KP: We’ve been working really hard for the last few months. We recorded at Sound Post Studio. Ben and Dan from the band have been doubling as the sound engineers for the record, from recording to mixing it, making it a completely self produced album. We definitely have a different sound on it than our first album, Safe Ship, Harbored, more mature and musically advanced. It also is a bit darker than some of our other material. A lot of people don’t catch the dark undertones of our first album because we have songs like Counting Sheep, which sound really happy, bright, simple and quite danceable but if you really listen to the lyrics its about a depressed person who just goes through the motions and looks at everyone like they are sheep. It’s almost like we’re tricking people into liking an otherwise sad song. I remember being young and listening to some really weird angsty music that would make me cry but we don’t want that for the music of The Crane Wives. We don’t want people to listen to music and cry, we want them to get up and freakin’ dance! Because that makes you feel happier and we want people to be happy! This next album has been themed around a romantic relationship. It just happened that we all were writing songs about a more traditional woman feeling like she was supposed to do and be certain things to be accepted in society. This album is about that person saying no, I’m not going to that! I’m going to be strong, I’m going to know what I deserve and I’m going to live that way. I’m going to live according to what I deserve. We are trying to give a voice to the people who need to say and do what they want to instead of doing what they are told to do. Hopefully I’m not being too long winded...

AH: I think this is perfect, nobody wants to read my boring questions. This is all about getting the artist's perspective, the way you would give it.

KP: It is funny though, being in a band, and writing music. Usually one of us has an idea for a song but we don’t come out and explain it to each other. We each take our own stance on it so we end up with a variety of subcontexts within a song that individually we may not fully understand. This makes interviewing interesting at times because one of us will explain what a song is about, and another member of the band will not have even thought about it the same way.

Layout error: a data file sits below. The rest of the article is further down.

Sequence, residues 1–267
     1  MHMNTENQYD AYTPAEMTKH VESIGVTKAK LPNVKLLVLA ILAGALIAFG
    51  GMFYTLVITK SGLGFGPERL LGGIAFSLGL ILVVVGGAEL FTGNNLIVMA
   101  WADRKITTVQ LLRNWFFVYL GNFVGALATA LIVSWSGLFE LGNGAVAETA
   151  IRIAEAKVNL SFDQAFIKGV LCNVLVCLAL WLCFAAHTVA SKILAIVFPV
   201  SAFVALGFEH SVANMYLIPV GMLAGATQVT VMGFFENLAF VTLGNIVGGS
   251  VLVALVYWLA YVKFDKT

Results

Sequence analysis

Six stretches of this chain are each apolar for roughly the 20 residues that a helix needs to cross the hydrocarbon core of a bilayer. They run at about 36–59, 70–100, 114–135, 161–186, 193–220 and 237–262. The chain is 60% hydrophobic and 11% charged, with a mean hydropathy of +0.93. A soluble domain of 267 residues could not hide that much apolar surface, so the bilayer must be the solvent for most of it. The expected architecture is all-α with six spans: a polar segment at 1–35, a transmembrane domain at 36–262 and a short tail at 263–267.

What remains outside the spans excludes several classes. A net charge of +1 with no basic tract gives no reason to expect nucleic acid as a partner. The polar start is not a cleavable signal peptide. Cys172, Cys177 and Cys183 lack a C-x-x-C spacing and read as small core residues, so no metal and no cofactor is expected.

AH: Some of the members of The Crane Wives had history together before the formation, correct?

KP: Emilee and I were friends since college, but as solo artists we were really competitive musically. She was working at a Chinese restaurant and got me a job there as well. This was a horrible job and we tried to find any way to get out of working. We were able to convince the  boss to let us play Friday nights at the restaurant which was how Emilee and I started playing music together, which led to the formation of The Crane Wives. It’s funny that by disliking something so much we were able create something we really love.

AH: Did your experience serving Asian food help you come up with a name like The Crane Wives?

KP: The Crane Wives name is based off a Japanese folktale. The way we ended up with it was because it was quite difficult to find a name that wasn’t already being used. We had to throw out several ideas before Emilee suggested The Crane Wife, after an album from The Decemberists. We did some research on The Crane Wife and found the story which is about a man who finds an amazing woman who is a fabric maker. They end up selling a lot of the fabric and she promises to make more as long as he doesn’t watch her do it. Of course he can’t resist looking so he ends up losing her in the long run by doing the one thing she asked him not to.

AH: The forbidden fruit is always too tempting it seems...

Luckily for us, music isn’t forbidden and those at Electric Forest were rewarded with a wonderful music and art filled weekend at a beautiful venue that for The Crane Wives and myself, wasn’t too far from home. The Crane Wives opened up Sunday’s musical lineup with an energetic set for a great crowd.